Life is tough on Kata Beach, Thailand
When you’re an adult, and can travel by yourself, why would you choose to tool around a foreign country on a tour bus?
These gargantuan buses seriously intimidate me when I’m driving around Thailand on the little motor scooter my boyfriend and I rented. Maybe I’m a bit biased. Sure the motorbike is risky, as traffic laws here are scarce. But the tour bus just screams, “I am a tourist and I’m uncomfortable in this strange country, so please charge me outrageous prices!”
I guess I like being at the ground level. Taking my life into my hands at least keeps it in my control. Walking is even better. How else do you truly see and hear the street dogs fighting for turf or observe the sensitive plants that close their leaves when you touch them?
Entire worlds open up while walking along Thailand’s roads. Tadpoles swim in the runoff ditch. Little legumes flower purplish-blue sweet pea-like blossoms. The scents of various meats waft from the mobile carts. A Sunday farmers’ market bustles with people getting produce for the week at a fraction of the supermarket prices.
Folks living life.
It’s so simple.
And then a gigantic tour bus whooshes by! Kicking up dust and debris around everything it passes. Do they feel as privileged as I do to be in this captivating, inspirational country?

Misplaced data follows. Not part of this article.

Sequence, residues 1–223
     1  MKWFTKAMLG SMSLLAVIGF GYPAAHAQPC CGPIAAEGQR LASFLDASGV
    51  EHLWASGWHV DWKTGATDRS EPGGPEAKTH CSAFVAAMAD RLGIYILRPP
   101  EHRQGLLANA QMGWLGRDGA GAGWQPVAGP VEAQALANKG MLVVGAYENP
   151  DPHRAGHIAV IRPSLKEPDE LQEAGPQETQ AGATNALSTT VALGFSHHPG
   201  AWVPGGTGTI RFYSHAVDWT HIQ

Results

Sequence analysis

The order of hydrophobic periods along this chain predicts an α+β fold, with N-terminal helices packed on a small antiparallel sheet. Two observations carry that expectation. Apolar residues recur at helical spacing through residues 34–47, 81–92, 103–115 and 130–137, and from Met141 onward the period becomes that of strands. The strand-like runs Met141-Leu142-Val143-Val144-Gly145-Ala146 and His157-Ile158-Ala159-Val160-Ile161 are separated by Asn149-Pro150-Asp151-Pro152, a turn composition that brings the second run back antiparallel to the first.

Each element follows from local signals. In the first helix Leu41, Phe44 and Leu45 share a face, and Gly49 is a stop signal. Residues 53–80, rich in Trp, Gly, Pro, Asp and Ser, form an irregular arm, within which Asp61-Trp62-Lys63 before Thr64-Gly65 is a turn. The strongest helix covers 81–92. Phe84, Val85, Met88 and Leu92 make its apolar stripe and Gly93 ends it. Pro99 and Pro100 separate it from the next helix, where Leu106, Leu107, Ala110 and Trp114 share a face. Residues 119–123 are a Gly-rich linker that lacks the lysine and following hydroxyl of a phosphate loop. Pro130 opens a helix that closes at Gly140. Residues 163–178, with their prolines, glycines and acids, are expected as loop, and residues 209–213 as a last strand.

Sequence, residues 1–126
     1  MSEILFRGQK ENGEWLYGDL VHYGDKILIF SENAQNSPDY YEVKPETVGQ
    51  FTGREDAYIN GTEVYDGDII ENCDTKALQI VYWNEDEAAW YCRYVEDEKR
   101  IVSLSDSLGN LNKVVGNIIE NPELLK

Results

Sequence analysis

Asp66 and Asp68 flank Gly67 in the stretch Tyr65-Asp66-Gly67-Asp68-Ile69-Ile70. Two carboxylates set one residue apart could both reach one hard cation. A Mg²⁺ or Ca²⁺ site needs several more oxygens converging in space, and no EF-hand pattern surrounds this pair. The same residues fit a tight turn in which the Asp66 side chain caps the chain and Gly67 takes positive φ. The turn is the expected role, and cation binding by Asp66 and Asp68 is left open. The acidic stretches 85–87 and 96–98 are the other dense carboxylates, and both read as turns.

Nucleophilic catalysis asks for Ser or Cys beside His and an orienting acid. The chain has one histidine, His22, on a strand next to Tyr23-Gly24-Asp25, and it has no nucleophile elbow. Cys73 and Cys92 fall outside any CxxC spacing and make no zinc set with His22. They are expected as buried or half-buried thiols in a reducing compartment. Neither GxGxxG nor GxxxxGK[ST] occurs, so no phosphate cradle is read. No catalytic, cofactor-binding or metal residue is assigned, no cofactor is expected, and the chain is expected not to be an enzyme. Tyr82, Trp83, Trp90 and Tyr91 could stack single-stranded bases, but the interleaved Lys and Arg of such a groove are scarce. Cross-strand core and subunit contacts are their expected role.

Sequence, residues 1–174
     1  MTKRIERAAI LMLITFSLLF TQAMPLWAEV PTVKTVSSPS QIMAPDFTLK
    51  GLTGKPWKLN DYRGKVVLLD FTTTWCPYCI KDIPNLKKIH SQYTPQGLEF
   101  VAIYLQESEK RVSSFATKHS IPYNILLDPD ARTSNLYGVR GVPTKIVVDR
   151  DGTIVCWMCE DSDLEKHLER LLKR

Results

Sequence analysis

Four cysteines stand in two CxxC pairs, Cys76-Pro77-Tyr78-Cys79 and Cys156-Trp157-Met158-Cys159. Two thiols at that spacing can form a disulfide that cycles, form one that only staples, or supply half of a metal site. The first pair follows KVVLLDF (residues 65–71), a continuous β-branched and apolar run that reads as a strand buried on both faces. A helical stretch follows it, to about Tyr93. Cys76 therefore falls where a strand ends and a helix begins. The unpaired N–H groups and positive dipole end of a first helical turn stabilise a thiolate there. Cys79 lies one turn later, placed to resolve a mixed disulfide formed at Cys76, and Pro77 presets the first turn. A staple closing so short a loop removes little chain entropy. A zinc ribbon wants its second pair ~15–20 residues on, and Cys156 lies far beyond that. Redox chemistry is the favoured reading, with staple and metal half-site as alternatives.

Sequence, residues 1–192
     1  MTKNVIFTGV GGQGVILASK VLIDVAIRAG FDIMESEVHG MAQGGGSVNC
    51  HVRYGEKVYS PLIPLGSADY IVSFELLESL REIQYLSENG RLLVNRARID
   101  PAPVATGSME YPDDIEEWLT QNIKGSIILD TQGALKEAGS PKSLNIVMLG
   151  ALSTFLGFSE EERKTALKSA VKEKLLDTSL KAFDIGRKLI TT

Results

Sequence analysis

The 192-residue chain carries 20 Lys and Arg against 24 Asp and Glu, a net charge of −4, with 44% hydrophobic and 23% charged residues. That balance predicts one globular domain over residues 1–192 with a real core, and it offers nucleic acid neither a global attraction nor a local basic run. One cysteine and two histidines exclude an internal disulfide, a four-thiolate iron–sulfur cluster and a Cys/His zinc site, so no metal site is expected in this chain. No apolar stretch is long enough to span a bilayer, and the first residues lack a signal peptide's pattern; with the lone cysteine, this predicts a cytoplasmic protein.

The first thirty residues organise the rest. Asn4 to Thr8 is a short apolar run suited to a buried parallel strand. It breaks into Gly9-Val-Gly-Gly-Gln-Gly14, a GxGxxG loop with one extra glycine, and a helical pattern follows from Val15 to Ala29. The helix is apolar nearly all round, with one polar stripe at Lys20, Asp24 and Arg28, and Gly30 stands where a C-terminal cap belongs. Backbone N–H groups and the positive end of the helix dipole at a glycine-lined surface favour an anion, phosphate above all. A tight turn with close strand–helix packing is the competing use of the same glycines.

I am in Thailand. It seems unreal. I don’t know the language. I often feel overwhelmed or lost. I shop at places the tour buses stop at. But there is no one holding my hand.
I know I stand out here, so I try hard to imitate the Thai style. I admire the simple ways they go about their day. If riding a motorbike is how most people get around, then that’s how I’ll commute to yoga, to the market, or to do laundry. Plus it’s much easier to resist gawking like a tourist when you’re trying not to crash or get lost!
I came here to eat raw fruits and vegetables, do yoga, get in shape, and go to the beach. I am spoiled. I was sick in America. I used to look in the mirror and not recognize my reflection. I looked depressed, pale, and puffy. So I came to Thailand, where I’ve learned to love myself and can now actually help this world. When you feel sick and ineffectual, you can barely help yourself, let alone others.
I live much simpler now, and travel along roads the tour buses have never been. This is my idea of tourism and it’s why I became a tourist.
I’m loving every moment!
Laurel Wantuch is an American writer currently traveling around Thailand.